Ethical Quote Of The Week: Ann Althouse

“It’s a terrible idea to go looking for incidents  where the killers are black and the victims are white and to exploit them in what seems like an effort to undo the distortions. I saw this happening earlier this week over the Christopher Lane murder, I labeled it “counter-Trayvonistic,” which was a too-subtle way to say: Don’t fight skewing with skewing in the opposite direction….Trayvon Martin — an individual human being — was used by demagogues to score points about the suffering of black people in America, but this is not a game, and it is delusion to imagine that there is a need to score points on some imagined other side. This is not a game. There is no score. And we are all on the same side.”

—–Law prof/ blogger Ann Althouse, reacting to the effort in conservative circles to assert that recent high-profile black-on-white incidents of violent crime were racially motivated, as a “tit-for-tat” response to the Trayvon Martin-George Zimmerman distortions.

Uh, let's NOT ask the President about the thrill killing of Christopher Lane. After all, Jesse Jackson already said that it was "frowned upon"...

Uh, let’s NOT ask the President to give us his thoughts on  the thrill killing of Christopher Lane. After all, Jesse Jackson already said that it was “frowned upon”…

Prof Althouse is exactly right. Tit-for-tat is always an unethical and ultimately destructive response, abandoning the moral high ground and lowering ethical standards so that the good guys and villains are indistinguishable. In this case, it is especially wrong-headed, because the tactic also exacerbates the racial divisions that the Martin-Zimmerman lies and misrepresentations were cynically designed (by some, at least) to widen.

Althouse goes on to say,

“To paraphrase the Chief Justice: The way to stop skewing public opinion based on race is to stop skewing public opinion based on race. To stir hearts counter-Trayvonistically is to nurture feelings that white people are oppressed by black people. This alternative to colorblindness is profoundly stupid. 1. It abandons the easy to express, principled position that many people perceive as the high ground. 2. It steps into the arena of taking account of race, where the left liberals would love to take you on. And 3. It gives air to the white supremacists among us. These people have been outcasts for a long time, but they exist, perhaps not quite yet recognizing what they are.”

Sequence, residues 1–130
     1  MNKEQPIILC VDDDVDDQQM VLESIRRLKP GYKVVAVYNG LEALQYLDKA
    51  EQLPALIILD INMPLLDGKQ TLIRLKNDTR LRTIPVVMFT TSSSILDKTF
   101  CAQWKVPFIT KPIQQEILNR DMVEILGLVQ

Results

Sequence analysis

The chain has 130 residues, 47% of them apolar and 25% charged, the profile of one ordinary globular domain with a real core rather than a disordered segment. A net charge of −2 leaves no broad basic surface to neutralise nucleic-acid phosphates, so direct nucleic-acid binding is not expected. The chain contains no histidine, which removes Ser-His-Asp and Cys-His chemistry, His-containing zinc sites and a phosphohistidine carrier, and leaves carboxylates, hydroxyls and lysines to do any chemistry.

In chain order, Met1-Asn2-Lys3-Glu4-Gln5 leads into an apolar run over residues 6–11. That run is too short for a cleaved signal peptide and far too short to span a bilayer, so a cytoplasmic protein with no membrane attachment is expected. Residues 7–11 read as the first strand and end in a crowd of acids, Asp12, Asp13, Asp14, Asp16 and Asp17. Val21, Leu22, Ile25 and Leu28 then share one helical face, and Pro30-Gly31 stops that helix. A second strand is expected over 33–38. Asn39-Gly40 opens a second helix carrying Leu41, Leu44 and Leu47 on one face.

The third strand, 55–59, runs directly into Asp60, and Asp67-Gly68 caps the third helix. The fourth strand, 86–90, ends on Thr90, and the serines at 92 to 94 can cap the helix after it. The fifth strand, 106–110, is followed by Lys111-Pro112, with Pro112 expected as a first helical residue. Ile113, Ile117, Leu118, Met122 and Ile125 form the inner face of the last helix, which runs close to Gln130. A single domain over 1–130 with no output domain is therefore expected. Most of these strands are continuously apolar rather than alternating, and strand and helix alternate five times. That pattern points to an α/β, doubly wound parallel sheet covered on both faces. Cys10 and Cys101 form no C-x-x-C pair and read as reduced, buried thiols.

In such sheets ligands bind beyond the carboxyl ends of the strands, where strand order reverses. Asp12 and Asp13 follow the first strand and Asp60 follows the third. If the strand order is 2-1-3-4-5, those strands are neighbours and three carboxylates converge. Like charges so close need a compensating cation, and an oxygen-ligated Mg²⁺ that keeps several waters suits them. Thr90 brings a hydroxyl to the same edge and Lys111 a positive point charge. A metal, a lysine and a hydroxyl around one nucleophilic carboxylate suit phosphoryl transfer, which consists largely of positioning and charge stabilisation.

Counter-Trayvonistically might be the most awkward adverb I’ve ever read in my life, but her point is wise and ethical. I hope it prevails.

12 thoughts on “Ethical Quote Of The Week: Ann Althouse

  1. Tit-for-tat is always an unethical and ultimately destructive response, abandoning the moral high ground and lowering ethical standards so that the good guys and villains are indistinguishable. In this case, it is especially wrong-headed, because the tactic also exacerbates the racial divisions that the Martin-Zimmerman lies and misrepresentations were cynically designed (by some, at least) to widen.

    The problem is, what if the people doing the “tatting” are openly getting away with it? (By openly getting away with it, I mean they do the “tatting” while openly making their intent known, instead of doing it secretly or trying to make the “tatting” look like something else, and the public justifying what they are doing.) Why should not “titting” be an appropriate response?

    • Hear hear! Professor Althouse is normatively right, but she is empirically wrong. It IS a game, like it or not, and if only one side is playing, the other side will soon lose the field by default. I’m not willing to allow that.

    • It skews the narrative that people are pressing, but one of the boys was African-American-the passenger (with a white girlfriend), mixed race African-American-the triggerman(with a white mother), and white-the getaway driver. The getaway driver is being charged as a youth, while the other two are being charged as adults.
      It’s difficult to see a racial motivation in this killing, though in some ways that might almost be preferable to the boys stated motivation, that they were bored. That is completely chilling.

  2. I think there’s a certain place for this, though- not to say “This black-on-white killing was racially motivated too!” but rather to say “So it was racial when that white hispanic killed a black kid, huh? And yet nobody is saying that this black-on-white killing was racial, or this one, or this one- why is that again?”

  3. And then you have the slew of beatings with the perps shouting things like ‘This is for Trayvon!’ We should not go about looking for, and falsely applying tit-for-tat logic, but neither should we avoid fair and just comparisons where applicable, out of fear of simply appearing vindictive.

  4. Side note: tit-for-tat is not inherently unethical or counterproductive. In fact, the earliest known statement of tit for tat is Hammurabi’s eye for an eye, meaning ONLY an eye for an eye, not a beheading for an eye. It is a way of tempering a situation to avoid escalation.
    Tit for tat is also the most successful strategy in an iterated prisoner’s dilemma. The implications are that defection from a group optimal strategy will be punished and deters defection.

  5. They are alike in this way. Media is using the incidents to promote a pre-existing editorial bias. When liberal media quits using nearly every crime as a reason to call it a racist action by whites I’m guessing conservative media will tone it down as well.
    It might be ethically incorrect, but it’s 100% understandable, given the state of the media in America today. There is no such thing as an unbiased press.

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